Considerable progress has been made in the acceptance and use of cash transfer programmes in humanitarian response. There is a wide recognition that cash transfers can be appropriate and effective tools to support populations affected by disasters in a way that maintains dignity while stimulating local economies and markets. In appropriate contexts CaLP supports the use of cash based transfers.
However, despite this progress cash transfers are not yet routinely considered as a means of delivering emergency assistance. One of the main constraints is the poorly defined responsibility for coordination of cash transfers. The place of cash is not always clear in a sector-based emergency coordination system.
To date, cash coordination has suffered from an ad hoc approach, with a lack of clarity on key issues such as leadership, resourcing, and linkages with the overall humanitarian response. Further dialogue is needed between those involved in emergency coordination mechanisms and other stakeholders from within and outside the UN system.
CaLP provides support to coordination mechanisms at country, regional and global levels, strengthening coordination between humanitarian actors on Cash Transfer Programming.
CaLP focal points support cash coordination at the regional level and work with cash coordination bodies and focal points at country level in their respective regions. They help share coordination experiences and lessons learned between countries and regions.
Recent emergencies in the Philippines and in the Syria crisis have demonstrated a growing interest of humanitarian actors in the use of cash as a modality of response. A CaLP and IFRC-led Cash Coordination learning event was held in 2012 to consider the challenges posed and opportunities offered by cash transfer programming (CTP) to humanitarian coordination. Since this event, the use of CTP has further increased, resulting in different models of cash coordination particularly in regards to multi-purpose cash (not limited to a single cluster or sector). At the same time, a range of different initiatives from donors and operational agencies have emerged that consider the potential of cash transfers as a multi-sector tool and the implications of an increase in multi-purpose cash for humanitarian architecture.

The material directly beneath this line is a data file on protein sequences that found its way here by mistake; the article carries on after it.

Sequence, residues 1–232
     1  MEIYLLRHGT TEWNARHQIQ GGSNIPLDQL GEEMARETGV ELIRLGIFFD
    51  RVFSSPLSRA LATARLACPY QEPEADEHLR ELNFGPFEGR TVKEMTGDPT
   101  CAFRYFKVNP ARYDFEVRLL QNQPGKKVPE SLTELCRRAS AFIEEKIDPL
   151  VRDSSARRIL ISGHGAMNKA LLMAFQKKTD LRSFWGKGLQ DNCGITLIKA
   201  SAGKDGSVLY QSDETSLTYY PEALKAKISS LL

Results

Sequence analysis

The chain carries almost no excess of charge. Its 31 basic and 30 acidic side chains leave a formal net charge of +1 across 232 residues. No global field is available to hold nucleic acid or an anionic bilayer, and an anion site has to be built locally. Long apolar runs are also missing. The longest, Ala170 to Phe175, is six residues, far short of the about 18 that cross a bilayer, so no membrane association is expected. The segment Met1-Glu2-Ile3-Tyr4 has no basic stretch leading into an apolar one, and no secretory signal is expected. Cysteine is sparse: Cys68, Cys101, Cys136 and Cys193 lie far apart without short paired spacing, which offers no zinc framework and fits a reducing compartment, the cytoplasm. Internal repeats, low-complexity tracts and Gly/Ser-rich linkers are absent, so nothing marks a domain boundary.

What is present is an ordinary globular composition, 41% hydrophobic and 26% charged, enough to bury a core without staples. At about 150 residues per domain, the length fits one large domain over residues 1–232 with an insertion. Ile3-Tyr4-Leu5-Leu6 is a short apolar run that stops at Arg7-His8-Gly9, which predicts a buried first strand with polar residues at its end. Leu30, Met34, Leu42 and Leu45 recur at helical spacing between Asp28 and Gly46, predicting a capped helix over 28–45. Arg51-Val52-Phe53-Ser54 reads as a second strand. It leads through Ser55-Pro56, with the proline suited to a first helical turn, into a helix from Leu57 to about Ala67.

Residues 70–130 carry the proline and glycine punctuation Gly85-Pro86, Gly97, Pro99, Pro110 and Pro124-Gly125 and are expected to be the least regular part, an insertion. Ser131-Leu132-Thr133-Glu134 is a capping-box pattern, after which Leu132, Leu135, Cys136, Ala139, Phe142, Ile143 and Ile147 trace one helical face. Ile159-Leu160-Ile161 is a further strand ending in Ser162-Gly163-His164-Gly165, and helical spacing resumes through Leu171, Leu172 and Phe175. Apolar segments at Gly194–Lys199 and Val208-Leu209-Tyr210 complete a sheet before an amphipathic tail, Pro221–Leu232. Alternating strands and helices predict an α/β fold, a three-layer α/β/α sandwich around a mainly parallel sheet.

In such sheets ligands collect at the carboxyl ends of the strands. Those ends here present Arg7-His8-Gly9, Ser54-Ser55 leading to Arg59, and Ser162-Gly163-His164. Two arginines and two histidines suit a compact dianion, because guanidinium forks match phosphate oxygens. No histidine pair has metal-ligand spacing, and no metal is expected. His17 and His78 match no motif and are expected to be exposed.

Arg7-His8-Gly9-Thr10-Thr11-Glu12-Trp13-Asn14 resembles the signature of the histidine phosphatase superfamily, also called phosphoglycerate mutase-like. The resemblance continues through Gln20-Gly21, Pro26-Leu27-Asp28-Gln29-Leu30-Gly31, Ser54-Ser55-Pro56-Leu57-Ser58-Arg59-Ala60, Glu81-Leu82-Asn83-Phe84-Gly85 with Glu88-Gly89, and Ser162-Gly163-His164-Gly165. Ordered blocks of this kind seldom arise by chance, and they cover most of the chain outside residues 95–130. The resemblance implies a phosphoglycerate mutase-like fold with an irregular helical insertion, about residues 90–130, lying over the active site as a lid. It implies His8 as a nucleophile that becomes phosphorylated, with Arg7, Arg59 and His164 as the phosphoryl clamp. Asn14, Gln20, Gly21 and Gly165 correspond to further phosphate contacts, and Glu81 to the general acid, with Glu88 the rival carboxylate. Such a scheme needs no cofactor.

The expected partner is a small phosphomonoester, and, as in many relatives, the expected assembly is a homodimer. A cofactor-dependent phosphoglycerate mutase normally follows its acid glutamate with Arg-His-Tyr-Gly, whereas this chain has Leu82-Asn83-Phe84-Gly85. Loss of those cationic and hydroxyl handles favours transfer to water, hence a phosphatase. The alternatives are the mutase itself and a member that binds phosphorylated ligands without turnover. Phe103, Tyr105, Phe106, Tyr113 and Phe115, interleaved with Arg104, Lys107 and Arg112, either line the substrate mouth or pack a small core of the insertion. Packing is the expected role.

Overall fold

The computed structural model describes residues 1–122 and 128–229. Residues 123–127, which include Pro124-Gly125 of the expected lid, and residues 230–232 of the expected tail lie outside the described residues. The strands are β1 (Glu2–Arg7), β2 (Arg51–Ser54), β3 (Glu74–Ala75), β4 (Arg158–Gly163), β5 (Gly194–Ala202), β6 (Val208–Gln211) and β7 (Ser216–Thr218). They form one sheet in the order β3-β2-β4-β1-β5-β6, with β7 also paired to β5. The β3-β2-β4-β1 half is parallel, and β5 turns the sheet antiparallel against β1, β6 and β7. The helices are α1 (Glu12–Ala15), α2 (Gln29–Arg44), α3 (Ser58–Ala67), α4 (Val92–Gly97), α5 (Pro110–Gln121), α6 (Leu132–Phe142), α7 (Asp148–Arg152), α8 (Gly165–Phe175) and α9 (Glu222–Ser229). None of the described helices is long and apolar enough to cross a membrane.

This event sought to reflect on the progress since 2012 and to learn lessons from recent experiences in order to strengthen a common understanding of best practices and basic principles for cash coordination in the field. More information on the event can be found here.
The video featured below presents participants’ views on the challenges and opportunities of using cash transfers in emergencies and the key issues around coordination of cash transfers. Discussions around the use of multisectoral and multipurpose cash transfers as a potential response modality are also featured in the video.
In emergencies it is essential to establish effective cash coordination mechanisms quickly, especially if no coordination system was in place prior to the disaster. Feedback from past cash coordinators indicates that they lacked ‘ready-to-use’ tools to support them, with each coordinator having to develop their own each time. This hampered their operational capacity and effectiveness in the first weeks of establishing a coordination group.
In an effort to try and address this limitation, and in response to the ‘Comparative study of emergency cash coordination mechanisms’, the CaLP team have developed a ‘Coordination Toolkit’ with input from current and previous cash coordinators. The toolkit is to be used as a ‘pick-up and go’ toolkit to support the work of future emergency cash coordinators. The Coordination Toolkit includes hints and tips from past coordinators alongside practical tools, guidance documents and templates.
The toolkit contains the following chapters:
The toolkit is a living resource and will evolve over time as more resources are shared with the CaLP, and as discussions and agreements on effective cash coordination take place.
Please note that some of the examples, templates and case studies presented in the Coordination Toolkit have not been produced by the CaLP team but by external agencies, and the use of a document developed by a particular organisation does not relate to any CaLP endorsement for that particular agency.